Upcoming US-Africa talks to salvage partnership after Trump era

President Joe Biden is expected to promote the stable and reliable partnerships and investments the US has to offer that enable businesses in Africa and the United States to flourish.
In Summary

With China increasingly reluctant to offer new loans amidst domestic economic constrains, African heads of state […]

With China increasingly reluctant to offer new loans amidst domestic economic constrains, African heads of state and presidents are converging on Washington next week to hear what the Americans have to say.

According to the Carnegie Endowment of International for Peace, in 2009, China eclipsed the United States to become the biggest trade partner for African countries in aggregate. China is also the largest bilateral lender for public sector loans across the African continent.

Early this week, a foundation stone was laid for a brand new headquarters for the Economic Community of West African States (ECOWAS) in Abuja, Nigeria and it is being built by China Aid.

The high-profile US-Africa Leaders Summit taking place between December 13 and 15, is being hosted by President Joe Biden and Vice President Kamala Harris.

According the State Department, the Summit will demonstrate the United States’ enduring commitment to Africa, and underscore the importance of US-Africa relations and increased cooperation on shared global priorities.

The Americans have come up with an agenda that seeks to foster new economic engagement; advance peace; security, and good governance; reinforce commitment to democracy; human rights, and civil society; work collaboratively to strengthen regional and global health security; promote food security; respond to the climate crisis; amplify Diaspora ties; promote education and youth leadership.

During the summit American and African business and government leaders will discuss ways to advance mutually beneficial partnerships to create jobs and drive inclusive and sustainable growth. Biden is expected to promote the stable and reliable partnerships and investments the US has to offer that enable businesses in Africa and the US to flourish.

In run-up to the talks, Biden said, “I look forward to working with African governments, civil society, Diaspora communities across the United States, and the private sector to continue strengthening our shared vision for the future of US-Africa relations.”

The Summit is expected to attract a full house of African leadership more so, as a salvaging measure after the four years of Donald Trump’s erratic diplomacy that sidelined the continent. This was best remembered by his January 2018 off-the-cuff comments about conditions in some African countries.

The current geo-political uncertainty causing economic disruptions across the continent is another major incentive for leaders to attend. Many African governments are being uncomfortably buffeted by the knock-on effects of war in the Ukraine. In addition, recovery from the impact of the Covid-19 pandemic has proven to be challenging against a backdrop of high indebtedness and rising inflation. Any opportunity to engage with the world’s wealthiest and most influential nation is welcome if not for accessing money, then other material support.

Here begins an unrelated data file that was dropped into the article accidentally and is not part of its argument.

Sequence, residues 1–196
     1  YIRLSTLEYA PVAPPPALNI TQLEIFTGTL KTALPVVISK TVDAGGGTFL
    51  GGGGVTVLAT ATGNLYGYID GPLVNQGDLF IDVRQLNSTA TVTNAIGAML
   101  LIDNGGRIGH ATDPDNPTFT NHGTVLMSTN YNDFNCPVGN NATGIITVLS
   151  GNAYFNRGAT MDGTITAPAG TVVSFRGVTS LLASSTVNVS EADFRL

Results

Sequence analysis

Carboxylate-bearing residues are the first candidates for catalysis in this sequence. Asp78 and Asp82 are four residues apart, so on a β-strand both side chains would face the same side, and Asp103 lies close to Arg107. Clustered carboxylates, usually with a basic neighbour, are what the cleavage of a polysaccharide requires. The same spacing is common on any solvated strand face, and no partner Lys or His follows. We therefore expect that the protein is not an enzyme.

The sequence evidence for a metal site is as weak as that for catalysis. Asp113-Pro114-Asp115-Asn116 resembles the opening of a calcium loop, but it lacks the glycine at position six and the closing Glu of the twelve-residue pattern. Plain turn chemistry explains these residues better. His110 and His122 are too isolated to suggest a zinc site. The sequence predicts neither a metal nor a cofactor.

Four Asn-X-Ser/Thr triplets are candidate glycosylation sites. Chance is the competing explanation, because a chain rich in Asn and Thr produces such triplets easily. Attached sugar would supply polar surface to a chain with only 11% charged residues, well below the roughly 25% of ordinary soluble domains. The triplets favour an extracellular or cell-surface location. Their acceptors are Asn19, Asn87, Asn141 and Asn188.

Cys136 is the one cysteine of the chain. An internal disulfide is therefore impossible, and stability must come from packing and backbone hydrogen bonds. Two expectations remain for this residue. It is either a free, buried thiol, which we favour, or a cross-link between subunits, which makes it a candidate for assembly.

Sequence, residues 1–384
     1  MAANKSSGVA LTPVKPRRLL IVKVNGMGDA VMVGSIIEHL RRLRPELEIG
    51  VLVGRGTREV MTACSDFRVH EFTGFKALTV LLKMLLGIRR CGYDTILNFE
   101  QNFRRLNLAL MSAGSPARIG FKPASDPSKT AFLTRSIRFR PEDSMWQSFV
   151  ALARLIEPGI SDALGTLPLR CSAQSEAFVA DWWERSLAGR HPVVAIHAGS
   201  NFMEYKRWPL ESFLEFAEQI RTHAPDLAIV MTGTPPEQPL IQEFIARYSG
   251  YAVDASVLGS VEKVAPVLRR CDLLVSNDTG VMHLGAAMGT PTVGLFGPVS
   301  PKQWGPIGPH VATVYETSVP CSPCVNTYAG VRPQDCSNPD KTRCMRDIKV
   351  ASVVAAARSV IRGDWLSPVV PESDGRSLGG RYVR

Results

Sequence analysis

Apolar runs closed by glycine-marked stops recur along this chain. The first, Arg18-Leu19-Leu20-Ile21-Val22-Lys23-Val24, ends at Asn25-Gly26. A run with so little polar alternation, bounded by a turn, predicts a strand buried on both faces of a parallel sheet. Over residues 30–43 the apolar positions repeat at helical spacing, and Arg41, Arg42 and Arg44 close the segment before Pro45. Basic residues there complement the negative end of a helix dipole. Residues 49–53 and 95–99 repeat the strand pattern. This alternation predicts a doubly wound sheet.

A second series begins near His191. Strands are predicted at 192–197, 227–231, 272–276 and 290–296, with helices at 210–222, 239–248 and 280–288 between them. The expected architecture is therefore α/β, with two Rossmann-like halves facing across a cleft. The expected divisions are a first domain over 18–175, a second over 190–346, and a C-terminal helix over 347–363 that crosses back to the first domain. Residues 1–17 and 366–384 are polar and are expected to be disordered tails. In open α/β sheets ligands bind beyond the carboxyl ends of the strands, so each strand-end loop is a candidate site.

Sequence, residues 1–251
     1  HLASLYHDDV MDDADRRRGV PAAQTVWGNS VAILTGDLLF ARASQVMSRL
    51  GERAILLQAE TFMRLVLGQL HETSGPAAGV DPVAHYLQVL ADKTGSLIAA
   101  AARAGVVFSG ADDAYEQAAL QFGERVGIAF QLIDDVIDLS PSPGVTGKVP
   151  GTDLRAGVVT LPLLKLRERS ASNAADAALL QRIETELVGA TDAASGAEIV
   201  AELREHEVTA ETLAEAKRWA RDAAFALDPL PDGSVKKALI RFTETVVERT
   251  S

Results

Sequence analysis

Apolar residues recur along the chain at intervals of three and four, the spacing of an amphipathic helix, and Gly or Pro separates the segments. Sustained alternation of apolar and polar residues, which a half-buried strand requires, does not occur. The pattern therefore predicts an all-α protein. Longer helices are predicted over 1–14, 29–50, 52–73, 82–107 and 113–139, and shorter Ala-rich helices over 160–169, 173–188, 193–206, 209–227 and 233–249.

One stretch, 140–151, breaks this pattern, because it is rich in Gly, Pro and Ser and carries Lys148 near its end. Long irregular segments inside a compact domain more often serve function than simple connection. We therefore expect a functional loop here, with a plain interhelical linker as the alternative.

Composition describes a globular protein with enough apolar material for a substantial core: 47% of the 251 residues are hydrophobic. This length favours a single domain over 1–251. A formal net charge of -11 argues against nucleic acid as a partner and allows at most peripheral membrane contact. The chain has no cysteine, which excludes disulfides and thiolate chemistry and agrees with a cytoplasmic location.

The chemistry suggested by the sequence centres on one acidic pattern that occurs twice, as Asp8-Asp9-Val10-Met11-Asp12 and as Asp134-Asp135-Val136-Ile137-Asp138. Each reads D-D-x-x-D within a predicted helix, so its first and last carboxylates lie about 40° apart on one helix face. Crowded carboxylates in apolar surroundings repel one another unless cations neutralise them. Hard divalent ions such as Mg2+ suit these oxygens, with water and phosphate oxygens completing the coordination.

However according to Congressional papers, East Africa remains a favoured destination for US foreign assistance. For financial year (FY) 2023 the Department of State, Foreign Operations, and Related Programs (SFOPS) budget request by the Biden Administration is $7.77 billion in assistance specifically for Africa. This is up from $7.65 billion in FY2021. Health programs comprise roughly 75% of the FY2023 proposal, economic growth assistance 12%, peace and security assistance 6%, DRG (Democracy, Human Rights, and Governance) programs 4%, and education and social service funding 4%. Top recipients would include Nigeria ($610 million), Tanzania ($565 million), Mozambique ($558 million), Uganda ($549 million), and Kenya ($525 million).

During the past decade or so, the Chinese have become the dominate player in modernizing Africa’s infrastructure while the Americans have preferred to concentrate on supporting social services, especially health and education together with close attention to the protection of human rights.

This close attention remains a source of constant contention between the US and several African governments, but human rights is an issue the Chinese never bother with under its ‘win-win’ and ‘mutual benefit’ foreign policy. Chinese investments across the continent have accelerated as American businesses continue to  complain of Chinese underhanded methods to win contracts.

Latest data from the Chinese Foreign Ministry, African-Chinese trade has grown 20 times over during the past two decade, but very much skewed in China’ favour. To balance the trade gap, China has promised to import $300 billion of African products by 2025. The country has also increased the amount of products that can be exported to China tariff-free.

According to the United Institute of Peace, ‘By comparison, the United States has not approached Africa with anything near China’s current strong focus measured by high-level attention and resources. Ambassador Tibor Nagy, the top State Department official for Africa in the Trump administration, recently wrote that China is “kicking our tails everywhere” on the continent. While the Biden administration may pay more attention to Africa, few believe that the United States will close this engagement gap with China in Africa anytime soon.”

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